Rituals (or Goodbye to all that)

We sat around our dining room table in mid-August. Summer was ending. Our younger son would start 11th grade in a day or two, his first time back in a classroom since the early spring of 9th grade. A few days later his brother would head back to college for his junior year in person.

Before we eat, I said, I want to do something. Four half-melted candles, a hodge-podge of what I could find in the kitchen drawer, stood up in the center of the table, anchored to the bottom of a glass jar by their own melted wax. Next to that, the last four matches of a box. I thought that each of us could light a candle and say something, whatever you want, maybe a wish or hope for the new year. Anything.

I needed this. I needed to pause and acknowledge that we had been through something extraordinary these past 17 or so months. I needed to mark the end of one phase before we rushed headlong into the next without a breath. I needed to call it out for what it was – an aberration, a valley, a trial – in order to face and welcome the “new normal” if not the grand “Woo Hoo, It’s Over!” we all wanted.

I expected eye rolls, but they did not come.

So I lit my candle and told my boys I was proud of how they had weathered this strange and unprecedented challenge, isolated from friends and the rituals of high school and college life, and that they had shown remarkable resilience and good humor, as well as grief and mourning. We went around the table and each took a turn, match-lighting glitches and all. It do not know that it changed anything measureable, but it did give us a moment to take a step back and honor what we had been through.

The instinct to mark time is a hallmark of being human. “One of the most important features of rituals is that they do not only mark time; they create time. By defining beginnings and ends to developmental or social phases, rituals structure our social worlds and how we understand time, relationships, and change.” – Rebecca J. Lester, Ph.D

As Jews, every Friday evening we are invited (I guess “commanded” would be a more traditional way to go) to light Shabbat candles to separate the work and school week from a time to renew, rest, and recharge. (Unexpected bonus: during the pandemic, having such rituals helped keep track of what day of the week it was.)

Tonight we mark the beginning of a new Jewish year. Some of our “normal” rituals – gathering together, getting dressed up (i.e. out of sweatpants), driving to our synagogue or the larger hall rented to accommodate the large crowds who show up this time a year — are still not back. Instead we will meet our synagogue community outside in a park. (Still better than last year, when the park was shut down and empty of the sounds that animate it, the human energies filling and colliding, reducing it to a plot of sand, grass, metal, bricks. It is the people who make it a park.)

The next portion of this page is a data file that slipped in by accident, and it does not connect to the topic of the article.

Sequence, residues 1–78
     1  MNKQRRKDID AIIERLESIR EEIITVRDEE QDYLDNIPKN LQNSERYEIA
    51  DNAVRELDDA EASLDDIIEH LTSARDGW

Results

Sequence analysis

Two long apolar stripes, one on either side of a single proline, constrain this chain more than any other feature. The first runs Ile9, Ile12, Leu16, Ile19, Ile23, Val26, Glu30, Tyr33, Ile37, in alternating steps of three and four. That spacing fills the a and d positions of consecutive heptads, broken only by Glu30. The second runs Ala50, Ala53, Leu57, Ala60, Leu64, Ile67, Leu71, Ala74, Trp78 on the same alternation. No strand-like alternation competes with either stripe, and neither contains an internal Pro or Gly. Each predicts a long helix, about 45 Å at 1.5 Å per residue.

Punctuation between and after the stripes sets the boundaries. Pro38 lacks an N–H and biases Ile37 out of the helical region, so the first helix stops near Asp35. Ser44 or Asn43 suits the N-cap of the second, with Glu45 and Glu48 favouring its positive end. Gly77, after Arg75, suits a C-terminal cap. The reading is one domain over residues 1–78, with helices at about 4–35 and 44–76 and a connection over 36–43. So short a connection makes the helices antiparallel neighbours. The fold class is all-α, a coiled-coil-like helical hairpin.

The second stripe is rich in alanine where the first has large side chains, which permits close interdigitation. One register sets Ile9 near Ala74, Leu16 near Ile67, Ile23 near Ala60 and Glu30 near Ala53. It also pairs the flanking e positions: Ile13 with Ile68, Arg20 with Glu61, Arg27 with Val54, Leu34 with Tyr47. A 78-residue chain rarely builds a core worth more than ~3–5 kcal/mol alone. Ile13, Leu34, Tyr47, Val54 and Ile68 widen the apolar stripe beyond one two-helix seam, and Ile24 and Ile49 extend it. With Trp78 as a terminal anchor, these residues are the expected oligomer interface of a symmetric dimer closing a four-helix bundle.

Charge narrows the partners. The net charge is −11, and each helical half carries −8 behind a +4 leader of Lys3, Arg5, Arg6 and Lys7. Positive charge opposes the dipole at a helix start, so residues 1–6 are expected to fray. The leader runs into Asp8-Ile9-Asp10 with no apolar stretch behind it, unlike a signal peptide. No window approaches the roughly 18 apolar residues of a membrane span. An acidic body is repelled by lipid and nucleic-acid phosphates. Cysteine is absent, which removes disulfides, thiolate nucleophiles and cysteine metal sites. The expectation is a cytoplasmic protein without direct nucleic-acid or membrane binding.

Apart from the novel location, the practicing of other rituals will ground us — the prayers themselves and the fact that we know to gather at all. Rituals are meant to be done in community. “Rituals anchor community in the body. We physically feel the community.” – Byung-Chul Han.

One ritual of the Jewish High holidays that I love because it involves being in nature and letting go of regrets is Tashlikh. We will gather at the beach and throw bread crumbs or birdseed into the sea, to symbolically cast our “sins” into the ocean. I will cast away my sky-high fear. I will cast away washing my groceries when I come home from the market. I will cast away telling my teenager and 20-year-old to wash their hands every time they come home. I will cast away the grief of seeing caution tape on the monkey bars. I will cast away the anguish for all that was missed or lost in the past year and a half. Harder, though just as necessary, I will cast away the silver lining of having my kids home, the false-comfort of thinking I can protect them, and try to adjust to their being out in the world where they belong. I will cast away the clenching and shrinking we needed to practice, and try to open to what will be born in the year to come.

A New “New Year” (aka Pandemic Rosh Hashana)

Yesterday I stepped into adulthood: I pre-ordered a round challah from the Gelson’s bakery. As I ordered on the phone, I lingered over the idea of ordering my favorite, one with sweet raisins dotting the soft, airy middle, but resisted and instead asked for plain, what my boys like best.